“Sure,” I say.

We take the elevator to the lobby and walk to Iggy’s car, an old Buick. Brian holds the seat forward as I climb in back, hoping he’s checking out my butt. Then he gets in and messes with Iggy’s stereo.

The car smells predictably like stale smoke and decaying upholstery.

I watch Brian from the backseat, desperate for him to notice me.

“I’m so stupid to leave my own party,” I blurt.

Brian doesn’t say anything, and I immediately regret having spoken. I think of the rules. Boys like girls who are quiet, mysterious, who suggest but don’t blurt. I know this, but it’s still so hard for me.

The desperation I feel is always too there, too much. I don’t know how to quiet it, a yappy dog that just won’t shut up.

At the convenience store, Iggy jumps out, the motor still running, leaving Brian and me alone. Brian turns up the radio as a Jimi Hendrix song starts.

“I love this song,” I say. Brian glances back at me, and I close my eyes and move my shoulders suggestively to the music.

“You like Jimi Hendrix?” he asks.

“Love him,” I say, which is only sort of true. “I can put him on when we get back to my place.”

“Cool.” Brian nods. My head is light, full of excitement. I’m making a connection with Brian.

When we arrive at my apartment, it is full with people I mostly don’t know, many of them way too old to be at a fourteen-year-old-girl’s party. But I don’t care. Brian was talking to me. I go straight to the stereo, which someone else has commandeered, find my father’s Hendrix album, and put it on the turntable.

The guy who was working the stereo looks down at me, pissed.

“This is my apartment,” I say. He backs off. Once the music starts, I beeline back to Brian. Liz, looking worried, stops me.

“Do you know any of these people?” she asks.


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“I’ll deal with it later,” I say.

“But, Kerry, they’re in your dad’s room. They’re all over. Chris and I can’t control them.”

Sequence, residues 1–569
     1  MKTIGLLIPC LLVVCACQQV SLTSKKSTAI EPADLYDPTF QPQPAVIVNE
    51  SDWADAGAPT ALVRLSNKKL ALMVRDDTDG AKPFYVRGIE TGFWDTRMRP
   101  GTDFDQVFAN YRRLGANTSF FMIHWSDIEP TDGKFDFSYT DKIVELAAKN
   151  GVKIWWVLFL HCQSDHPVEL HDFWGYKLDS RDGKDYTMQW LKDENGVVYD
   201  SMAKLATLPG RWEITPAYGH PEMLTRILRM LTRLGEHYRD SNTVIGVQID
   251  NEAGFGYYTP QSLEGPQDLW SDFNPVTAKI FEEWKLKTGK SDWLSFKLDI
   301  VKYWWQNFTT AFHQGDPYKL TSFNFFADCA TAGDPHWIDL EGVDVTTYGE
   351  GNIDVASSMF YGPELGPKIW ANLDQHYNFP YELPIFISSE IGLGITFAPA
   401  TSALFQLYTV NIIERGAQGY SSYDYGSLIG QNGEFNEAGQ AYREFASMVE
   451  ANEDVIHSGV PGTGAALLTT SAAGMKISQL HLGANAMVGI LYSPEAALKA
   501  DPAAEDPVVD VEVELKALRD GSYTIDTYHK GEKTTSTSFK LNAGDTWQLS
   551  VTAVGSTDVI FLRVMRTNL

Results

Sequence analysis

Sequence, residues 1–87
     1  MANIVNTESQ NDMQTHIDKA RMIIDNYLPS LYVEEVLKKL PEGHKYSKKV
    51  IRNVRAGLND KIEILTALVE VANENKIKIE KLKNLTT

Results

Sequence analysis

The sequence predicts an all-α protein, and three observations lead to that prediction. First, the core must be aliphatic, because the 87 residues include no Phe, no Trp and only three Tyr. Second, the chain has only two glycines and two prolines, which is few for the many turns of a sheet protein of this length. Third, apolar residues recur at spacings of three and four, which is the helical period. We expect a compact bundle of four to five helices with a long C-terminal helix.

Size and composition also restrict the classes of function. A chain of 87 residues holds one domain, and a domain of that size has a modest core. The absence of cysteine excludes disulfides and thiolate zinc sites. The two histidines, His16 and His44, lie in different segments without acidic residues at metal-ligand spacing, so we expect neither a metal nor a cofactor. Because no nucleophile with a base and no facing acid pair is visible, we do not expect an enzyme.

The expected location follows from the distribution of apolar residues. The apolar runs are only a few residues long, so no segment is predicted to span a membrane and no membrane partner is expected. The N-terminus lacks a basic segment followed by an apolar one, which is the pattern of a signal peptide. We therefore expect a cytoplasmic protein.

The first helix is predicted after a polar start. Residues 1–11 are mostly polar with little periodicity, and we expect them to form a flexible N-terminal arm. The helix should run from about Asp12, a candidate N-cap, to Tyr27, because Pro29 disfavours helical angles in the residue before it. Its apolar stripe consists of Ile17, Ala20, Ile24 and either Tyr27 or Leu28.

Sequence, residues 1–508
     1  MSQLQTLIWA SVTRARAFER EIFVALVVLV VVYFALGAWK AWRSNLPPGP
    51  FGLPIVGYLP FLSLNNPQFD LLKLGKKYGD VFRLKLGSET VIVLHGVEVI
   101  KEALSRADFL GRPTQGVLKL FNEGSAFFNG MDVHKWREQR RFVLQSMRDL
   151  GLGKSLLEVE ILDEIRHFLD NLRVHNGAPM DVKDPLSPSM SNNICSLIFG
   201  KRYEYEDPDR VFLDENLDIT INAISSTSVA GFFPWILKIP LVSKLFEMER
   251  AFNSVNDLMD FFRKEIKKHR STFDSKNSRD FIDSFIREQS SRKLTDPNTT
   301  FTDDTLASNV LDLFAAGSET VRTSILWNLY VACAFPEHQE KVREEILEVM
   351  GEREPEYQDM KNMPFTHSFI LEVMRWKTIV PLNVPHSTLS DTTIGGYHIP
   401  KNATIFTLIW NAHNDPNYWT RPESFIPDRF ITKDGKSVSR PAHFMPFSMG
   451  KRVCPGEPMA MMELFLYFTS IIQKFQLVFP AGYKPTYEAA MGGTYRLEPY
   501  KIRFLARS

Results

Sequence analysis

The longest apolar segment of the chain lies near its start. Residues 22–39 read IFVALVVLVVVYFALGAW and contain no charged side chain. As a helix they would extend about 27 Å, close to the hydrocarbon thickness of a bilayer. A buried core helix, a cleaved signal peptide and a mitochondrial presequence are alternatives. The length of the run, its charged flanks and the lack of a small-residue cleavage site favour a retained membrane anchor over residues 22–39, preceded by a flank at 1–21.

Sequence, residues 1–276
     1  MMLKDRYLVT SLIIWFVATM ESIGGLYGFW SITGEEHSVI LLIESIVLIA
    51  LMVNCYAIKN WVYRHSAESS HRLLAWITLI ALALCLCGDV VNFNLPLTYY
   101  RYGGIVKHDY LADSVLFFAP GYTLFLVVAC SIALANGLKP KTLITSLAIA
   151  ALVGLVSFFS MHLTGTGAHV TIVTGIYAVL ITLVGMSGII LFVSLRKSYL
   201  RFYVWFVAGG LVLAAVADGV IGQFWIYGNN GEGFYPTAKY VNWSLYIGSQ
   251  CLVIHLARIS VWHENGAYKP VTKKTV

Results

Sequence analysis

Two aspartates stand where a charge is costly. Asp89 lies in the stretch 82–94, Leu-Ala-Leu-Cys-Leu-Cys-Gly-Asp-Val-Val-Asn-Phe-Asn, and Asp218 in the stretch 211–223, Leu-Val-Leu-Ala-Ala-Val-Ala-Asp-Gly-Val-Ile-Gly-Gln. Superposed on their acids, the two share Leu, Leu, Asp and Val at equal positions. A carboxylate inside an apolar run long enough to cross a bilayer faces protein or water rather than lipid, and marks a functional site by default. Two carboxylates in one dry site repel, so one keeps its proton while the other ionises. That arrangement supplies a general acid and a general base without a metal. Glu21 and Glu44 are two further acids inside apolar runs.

“I’ll figure something out,” I say. Anxiety shoots through me. I know Liz is right. I know I need to take control of the situation.

But . . . Brian.

This is my chance with Brian.

I continue toward him. He opens a beer, takes a long sip, and I watch his Adam’s apple move. I follow his lead, open a beer myself, and down a few sips. Just enough to make me fearless. “Come with me,” I say to him.

I grab his arm and pull him through the crowd of people into my father’s room. There are five people in there, none of whom I recognize. One has a mustache and he’s rifling through my father’s drawer.

“Hey,” I say. “What are you doing?” The guy looks up and shuts the drawer. He shrugs and he and the others amble out. “Nobody’s allowed in here,” I say as I shut the door behind them, trying not to think about the fact that my father keeps personal things in his drawers, things like drugs and, I was pretty sure, a gun.

I turn to look back at Brian. Brian, Brian. I am in here alone with Brian.

He looks at me, his expression mild. I move quickly, before I lose my nerve, and I push him toward my father’s bed. He raises his eyebrows with surprise, but before he can say or do anything I press my lips to his. I force him onto the bed, one leg on either side of his hips. I lose myself, letting myself be a girl I assume boys want, sexual and willing, a girl who will sixty-nine.

“Hey,” he says.

I say nothing, just push at his shirt, tug at his pants. I kiss his chest and neck, ravenous as a wild dog. I need to get in there, to show him I’m desirable. I think of Iggy and how he led my hand there. I don’t know a lot about boys, but it’s common knowledge they’re slaves to their penises. I want to show Brian what I know,